Forty Six years in the making, the U.S. Commerce Department's National Institute of Standards and Technology (NIST) has released the *Digital Library of Mathematical Functions (DLMF)* and its printed companion, the *NIST Handbook of Mathematical Functions*, edited by Frank W. J. Olver, Daniel W. Lozier, Ronald F. Boisvert, and Charles W. Clark. This is successors to the NIST's most widely cited publication of all time. The full announcement with video may be found *here*.

"The new 36-chapter tome is designed to be the definitive reference work on applied mathematics' "special functions," the term collectively used to describe the most important and widely employed mathematical functions. Special functions appear whenever natural phenomena are studied, engineering problems are formulated, and computer simulations are performed. They also crop up in statistics, financial models, and economic analysis."

The digital library is available at http://dlmf.nist.gov/. Its 967-page printed companion, the *NIST Handbook of Mathematical Functions*; ISBN 9780521192255, is published by Cambridge University Press.

Not directly related, but worth mentioning is there is a new fellowship program at NIST, which is being administered by the University of Maryland and the University of Colorado. Selections begin at the end of May 2010, and will continue at least initially on an ongoing basis.

Having never be particularly found of our broken Schools Systems, I'm always looking on the look out for unusual and more importantly *interesting* ways, of teaching mathematics in a Home School environment.

One such Math System is the Trachtenberg Speed System of Basic Mathematics.

You can download a copy of the long out-of-print book The Trachtenberg Speed System of Basic Mathematics by Jakow Trachtenberg, A. Cutler (Translator), R. McShane (Translator), Rudolph Mcshane (Translator) from Scribd's.

Trachtenberg's system teaches us how to do complex mathematics in our head quickly, even for those whom are 'Math Challenged' and can't never seem to get a grip on memorizing multiplication tables.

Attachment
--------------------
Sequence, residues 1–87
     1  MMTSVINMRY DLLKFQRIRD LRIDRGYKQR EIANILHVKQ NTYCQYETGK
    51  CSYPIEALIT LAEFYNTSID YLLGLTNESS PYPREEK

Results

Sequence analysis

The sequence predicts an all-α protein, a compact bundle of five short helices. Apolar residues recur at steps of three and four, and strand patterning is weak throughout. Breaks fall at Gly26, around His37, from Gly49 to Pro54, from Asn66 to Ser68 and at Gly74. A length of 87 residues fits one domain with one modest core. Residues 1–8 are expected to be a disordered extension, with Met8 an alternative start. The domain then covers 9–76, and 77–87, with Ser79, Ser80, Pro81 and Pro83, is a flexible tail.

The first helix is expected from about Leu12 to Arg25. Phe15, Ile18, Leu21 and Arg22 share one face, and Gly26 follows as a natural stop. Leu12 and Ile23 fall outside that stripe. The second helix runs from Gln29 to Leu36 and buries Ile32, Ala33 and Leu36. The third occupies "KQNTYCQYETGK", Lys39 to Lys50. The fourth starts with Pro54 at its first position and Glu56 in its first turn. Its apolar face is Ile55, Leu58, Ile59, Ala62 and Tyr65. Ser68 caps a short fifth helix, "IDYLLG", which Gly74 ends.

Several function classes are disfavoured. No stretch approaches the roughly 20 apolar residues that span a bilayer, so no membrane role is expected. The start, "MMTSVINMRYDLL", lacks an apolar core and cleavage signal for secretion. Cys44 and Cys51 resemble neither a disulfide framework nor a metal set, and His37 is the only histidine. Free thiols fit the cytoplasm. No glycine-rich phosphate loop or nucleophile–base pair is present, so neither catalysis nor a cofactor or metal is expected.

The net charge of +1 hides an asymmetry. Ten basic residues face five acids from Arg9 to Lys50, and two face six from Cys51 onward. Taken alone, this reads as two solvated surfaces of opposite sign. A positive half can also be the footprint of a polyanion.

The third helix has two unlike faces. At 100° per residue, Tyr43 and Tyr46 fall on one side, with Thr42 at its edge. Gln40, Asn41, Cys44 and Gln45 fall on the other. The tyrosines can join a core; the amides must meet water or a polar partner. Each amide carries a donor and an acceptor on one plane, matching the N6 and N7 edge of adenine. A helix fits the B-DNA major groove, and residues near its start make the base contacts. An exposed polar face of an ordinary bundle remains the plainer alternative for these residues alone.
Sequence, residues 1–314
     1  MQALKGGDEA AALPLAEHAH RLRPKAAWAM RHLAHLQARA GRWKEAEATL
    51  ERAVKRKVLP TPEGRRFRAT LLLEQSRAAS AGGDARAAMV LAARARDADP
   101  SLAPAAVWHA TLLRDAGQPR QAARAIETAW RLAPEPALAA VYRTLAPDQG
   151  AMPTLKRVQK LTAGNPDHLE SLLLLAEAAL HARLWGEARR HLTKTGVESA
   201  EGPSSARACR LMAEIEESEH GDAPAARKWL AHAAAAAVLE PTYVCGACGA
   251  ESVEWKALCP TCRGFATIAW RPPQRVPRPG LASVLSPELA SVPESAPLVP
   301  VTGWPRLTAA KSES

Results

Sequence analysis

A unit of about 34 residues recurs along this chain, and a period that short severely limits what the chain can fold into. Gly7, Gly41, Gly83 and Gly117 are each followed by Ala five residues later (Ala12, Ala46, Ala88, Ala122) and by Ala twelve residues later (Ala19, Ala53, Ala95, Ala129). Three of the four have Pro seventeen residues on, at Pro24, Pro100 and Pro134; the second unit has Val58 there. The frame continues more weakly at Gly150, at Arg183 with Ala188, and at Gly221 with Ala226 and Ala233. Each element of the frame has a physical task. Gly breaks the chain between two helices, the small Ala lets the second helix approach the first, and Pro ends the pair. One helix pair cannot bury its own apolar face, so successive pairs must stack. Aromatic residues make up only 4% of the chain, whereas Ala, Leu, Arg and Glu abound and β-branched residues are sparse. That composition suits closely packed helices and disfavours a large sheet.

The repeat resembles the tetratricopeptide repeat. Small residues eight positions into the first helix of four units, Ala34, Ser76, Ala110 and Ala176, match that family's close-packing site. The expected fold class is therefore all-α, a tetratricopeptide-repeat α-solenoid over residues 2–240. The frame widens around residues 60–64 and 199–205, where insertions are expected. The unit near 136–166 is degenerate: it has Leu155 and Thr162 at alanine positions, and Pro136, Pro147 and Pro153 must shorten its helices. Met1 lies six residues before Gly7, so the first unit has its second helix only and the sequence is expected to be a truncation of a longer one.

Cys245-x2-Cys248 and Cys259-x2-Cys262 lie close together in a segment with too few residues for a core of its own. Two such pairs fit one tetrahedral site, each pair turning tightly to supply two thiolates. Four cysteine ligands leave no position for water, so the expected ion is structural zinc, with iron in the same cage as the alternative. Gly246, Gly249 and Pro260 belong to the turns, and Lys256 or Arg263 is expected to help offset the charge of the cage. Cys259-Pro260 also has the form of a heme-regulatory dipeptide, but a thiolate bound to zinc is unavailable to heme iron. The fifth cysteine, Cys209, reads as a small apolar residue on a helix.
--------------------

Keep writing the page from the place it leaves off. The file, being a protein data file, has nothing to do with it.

An other interesting take on math comes from actress and author Danica McKellar, best known for her roles on the television series The Wonder Years and The West Wing has published her latest book Kiss My Math: Showing Pre-Algebra Who's Boss.

Ms. McKellar's books are specifically aimed at young girls, in the grades seven to nine.

Ms. McKellar's previous book was Math Doesn't Suck: How to Survive Middle School Math Without Losing Your Mind or Breaking a Nail.

While Ms. McKellar's books are aimed specifically at girls, **Real Men** and Teenage Boys, know that a good foundation in mathematics is one of the prime ingredients to becoming wealthy. So you boys need to put a plan brown wrapper on the book, then suck it up in study-hall, and you might just end up setting next to that hot girl of your dreams in Math Class...who said math was of no use? :-)

EMACS function to print Multiplication table from my .emacs file, alas it has been in there for so long I no longer have the name of the person that wrote it originally:

(cond (t (defun mult-table() "Prints a formatted multiplication table." (interactive) (switch-to-buffer "*MULT*") (erase-buffer) (insert "Multiplication table:\n\n") (let ((i 1)) ; Start of table. Print header. (insert " 1 2 3 4 5 6 7 8 9 10\n") (while (< i 11) (setq j 1) (if (< i 10) (insert (format "\n %d " i)) (insert (format "\n%d " i)) ) (while (< j 11) (setq k (* i j)) (if (< k 10) (insert (format " %d" k)) (insert (format " %d" k)) ) (setq j (+ j 1)) ) (setq i (+ i 1)) ) ) (beginning-of-buffer) ) ) )

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